Interest waiver: SC protects borrowers from coercive action by banks

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September 4, 2020 5:30 AM

“The question is about the demands of compound interest in the meantime. Moratorium and penal interest cannot go together. RBI will have to clarify,” Justice R Subhash Reddy, who was also part of the Bench with Justice MR Shah, said.

Instead of opting for interest waiver, the government has gone for the measures for revival of the sectors in tandem with RBIInstead of opting for interest waiver, the government has gone for the measures for revival of the sectors in tandem with RBI

The Supreme Court on Thursday secured an undertaking from the government that the loan accounts not declared as non-performing asset (NPA) as on August 31, the day a six-month moratorium period ended, won’t be treated as NPAs till its further orders.

Affirming its commitment to protect the borrowers, whose repayment capacity has been affected by Covid-19 and the lockdown, the court, in an interim order, also asked banks not to take any coercive action against borrowers.

The government and banks apprised the court of the sector-specific relief packages being rolled out in order to protect the interests of borrowers.

However, even during Thursday’s hearing – the latest in a long series – the court and the government-RBI-banks combine seemed finding no meeting ground — the court finds a dichotomy between the moratorium and ‘penal’ (compound) interest, while the government through its top attorneys stressed that waiver of interest or interest on interest is in conflict with the basic canons of finance.

The government continued to draw the court’s attention to the facility of one-time restructuring of loans being made available to borrowers of assorted nature and loans of various kinds, and flagged it as a viable way of addressing the plight of borrowers, who are not defaulters by nature, without compromising on financial stability.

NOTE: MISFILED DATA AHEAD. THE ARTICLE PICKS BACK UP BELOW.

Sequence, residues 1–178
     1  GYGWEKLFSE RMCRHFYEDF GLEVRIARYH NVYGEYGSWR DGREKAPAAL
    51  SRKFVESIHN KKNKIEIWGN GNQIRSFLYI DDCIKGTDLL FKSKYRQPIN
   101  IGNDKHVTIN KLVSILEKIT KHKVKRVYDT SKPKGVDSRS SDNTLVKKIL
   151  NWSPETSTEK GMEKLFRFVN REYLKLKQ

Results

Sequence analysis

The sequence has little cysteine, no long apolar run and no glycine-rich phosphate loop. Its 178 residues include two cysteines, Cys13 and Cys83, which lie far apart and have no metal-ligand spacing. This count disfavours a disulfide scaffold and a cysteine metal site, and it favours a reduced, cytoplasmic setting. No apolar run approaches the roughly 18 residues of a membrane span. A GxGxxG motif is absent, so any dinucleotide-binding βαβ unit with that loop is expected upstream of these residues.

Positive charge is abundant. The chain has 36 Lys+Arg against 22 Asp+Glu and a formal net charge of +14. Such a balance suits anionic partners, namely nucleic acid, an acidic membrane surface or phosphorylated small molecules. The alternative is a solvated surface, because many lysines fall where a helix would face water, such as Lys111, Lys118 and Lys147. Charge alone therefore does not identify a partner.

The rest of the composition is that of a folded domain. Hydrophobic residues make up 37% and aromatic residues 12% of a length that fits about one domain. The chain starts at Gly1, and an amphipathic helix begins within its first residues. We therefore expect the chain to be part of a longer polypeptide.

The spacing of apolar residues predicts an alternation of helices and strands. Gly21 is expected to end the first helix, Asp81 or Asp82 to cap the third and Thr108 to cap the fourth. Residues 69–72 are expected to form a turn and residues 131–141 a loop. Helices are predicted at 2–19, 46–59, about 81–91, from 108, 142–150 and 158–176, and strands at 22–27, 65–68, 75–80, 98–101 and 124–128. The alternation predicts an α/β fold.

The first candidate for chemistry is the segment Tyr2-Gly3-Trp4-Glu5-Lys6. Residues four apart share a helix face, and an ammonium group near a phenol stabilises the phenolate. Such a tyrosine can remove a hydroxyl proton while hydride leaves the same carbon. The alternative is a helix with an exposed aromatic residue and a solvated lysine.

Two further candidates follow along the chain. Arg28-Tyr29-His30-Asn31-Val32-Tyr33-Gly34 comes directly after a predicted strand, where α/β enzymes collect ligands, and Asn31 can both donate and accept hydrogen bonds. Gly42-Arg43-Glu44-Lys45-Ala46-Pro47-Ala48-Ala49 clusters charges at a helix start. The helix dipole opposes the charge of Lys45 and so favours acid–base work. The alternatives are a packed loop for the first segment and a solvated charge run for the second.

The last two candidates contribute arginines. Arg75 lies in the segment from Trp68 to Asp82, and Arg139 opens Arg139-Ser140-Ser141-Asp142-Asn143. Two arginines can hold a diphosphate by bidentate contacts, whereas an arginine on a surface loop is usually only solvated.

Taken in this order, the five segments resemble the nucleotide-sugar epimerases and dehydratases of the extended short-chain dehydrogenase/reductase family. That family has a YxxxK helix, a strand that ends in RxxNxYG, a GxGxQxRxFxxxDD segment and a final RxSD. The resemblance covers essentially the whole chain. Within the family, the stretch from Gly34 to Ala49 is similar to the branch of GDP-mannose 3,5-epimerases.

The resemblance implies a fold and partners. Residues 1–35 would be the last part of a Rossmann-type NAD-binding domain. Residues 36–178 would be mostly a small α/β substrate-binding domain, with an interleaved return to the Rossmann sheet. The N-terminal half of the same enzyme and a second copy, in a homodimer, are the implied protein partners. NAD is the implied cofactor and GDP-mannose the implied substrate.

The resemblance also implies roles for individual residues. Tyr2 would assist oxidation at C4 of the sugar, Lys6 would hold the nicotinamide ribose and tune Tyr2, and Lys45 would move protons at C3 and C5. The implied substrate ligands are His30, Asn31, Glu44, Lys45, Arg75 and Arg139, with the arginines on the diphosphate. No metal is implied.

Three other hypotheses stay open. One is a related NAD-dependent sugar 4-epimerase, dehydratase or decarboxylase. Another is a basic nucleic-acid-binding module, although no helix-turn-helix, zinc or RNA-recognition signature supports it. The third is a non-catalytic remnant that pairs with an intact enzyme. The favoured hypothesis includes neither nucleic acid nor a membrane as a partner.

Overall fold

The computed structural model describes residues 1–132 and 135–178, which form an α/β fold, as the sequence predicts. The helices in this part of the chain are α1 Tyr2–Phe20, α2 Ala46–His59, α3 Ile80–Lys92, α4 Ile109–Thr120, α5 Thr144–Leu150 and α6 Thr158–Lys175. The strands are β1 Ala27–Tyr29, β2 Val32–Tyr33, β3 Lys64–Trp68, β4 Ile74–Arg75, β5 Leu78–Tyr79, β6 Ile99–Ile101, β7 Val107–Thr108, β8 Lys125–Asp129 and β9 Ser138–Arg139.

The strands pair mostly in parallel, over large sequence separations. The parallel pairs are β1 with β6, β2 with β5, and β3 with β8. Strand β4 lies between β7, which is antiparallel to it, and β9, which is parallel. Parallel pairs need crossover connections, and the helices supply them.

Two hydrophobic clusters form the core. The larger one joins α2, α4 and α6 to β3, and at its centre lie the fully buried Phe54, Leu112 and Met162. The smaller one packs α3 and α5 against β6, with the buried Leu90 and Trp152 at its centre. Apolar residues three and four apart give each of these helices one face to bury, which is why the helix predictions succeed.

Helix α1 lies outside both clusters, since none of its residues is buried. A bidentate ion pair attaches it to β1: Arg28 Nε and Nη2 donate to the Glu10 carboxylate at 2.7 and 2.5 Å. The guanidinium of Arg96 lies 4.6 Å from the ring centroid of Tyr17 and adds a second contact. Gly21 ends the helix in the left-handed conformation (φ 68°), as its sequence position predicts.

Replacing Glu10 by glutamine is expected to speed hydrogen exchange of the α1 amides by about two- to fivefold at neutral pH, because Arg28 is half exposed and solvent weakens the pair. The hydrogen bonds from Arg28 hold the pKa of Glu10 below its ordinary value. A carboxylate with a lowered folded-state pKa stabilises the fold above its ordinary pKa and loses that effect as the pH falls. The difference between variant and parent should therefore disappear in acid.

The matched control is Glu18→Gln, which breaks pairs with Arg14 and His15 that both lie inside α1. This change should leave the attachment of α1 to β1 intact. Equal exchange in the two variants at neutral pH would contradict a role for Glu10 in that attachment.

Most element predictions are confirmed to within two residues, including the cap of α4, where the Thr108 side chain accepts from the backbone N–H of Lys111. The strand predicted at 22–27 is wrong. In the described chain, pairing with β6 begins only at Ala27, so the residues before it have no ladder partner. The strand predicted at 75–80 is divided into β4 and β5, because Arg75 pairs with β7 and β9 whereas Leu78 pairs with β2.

The matter will be further taken up for hearing on September 10.

An apex court bench headed by Justice Ashok Bhushan said everything regarding the issue of loan moratoriums cannot be left to banks. Certain steps will have to be taken by the Reserve Bank of India or the government in this regard, it asserted.

Earlier, in an affidavit, the government had stated that a borrower, who is fearful of being in default as on September 1 and becoming an NPA soon thereafter (due to the expiry of the six month moratorium period on Aug 31), could continue to avail moratorium as a part of the resolution plan implemented in terms of the (August 6, RBI) circular. The two-year RBI window would pave the way for a more durable, long-term solution of debt restructuring, it argued, adding that it offered customised reliefs to individual borrowers, including “alteration in the rate of interest and haircut (by lenders) on amount payable as interest”.

“The question is about the demands of compound interest in the meantime. Moratorium and penal interest cannot go together. RBI will have to clarify,” Justice R Subhash Reddy, who was also part of the Bench with Justice MR Shah, said.

Solicitor General Tushar Mehta argued that “the idea of the moratorium was to defer repayment to ease the burden caused by Covid-19 and lockdown so that business can manage working capital. The idea was not to waive off interest. The effort is that those who are affected by Covid-19 and facing distress get the benefit and those who are defaulters are not able to take benefit. Instead of opting for interest waiver, the government has gone for the measures for revival of the sectors in tandem with RBI”.

“The expert committee will come up with sector specific guidelines on September 6. The panel will decide on the sector-wise relief to ease stress caused by the pandemic,” he said, adding that the National Disaster Management Authority is not required to step in at this moment.

“Normally an account becomes an NPA if payment is not made for 90 days. And if someone was granted loan moratorium by the bank, his account will not become an NPA unless he misses three more installments after August 31. So, the moratorium period was to be excluded, first three months and then another three months after it was extended. Accounts do not become NPAs on September 1 even after the moratorium period ended on August 31,” the SG said.

Senior Counsel Harish Salve, appearing for the Indian Banks Association, argued that the banks may come up with the resolution plans for some sectors like the power. “Common man’s problems are different from those of the corporates. If kind of borrowers and the type of borrowing is identified then specified relief can be provided. Individual and industrial problems need to be addressed differently,” he argued.

The apex court was hearing a batch of petitions seeking waiver of interest and waiver of interest on interest on the suspended EMIs during the moratorium period. The matter will be further taken up for hearing on September 10.

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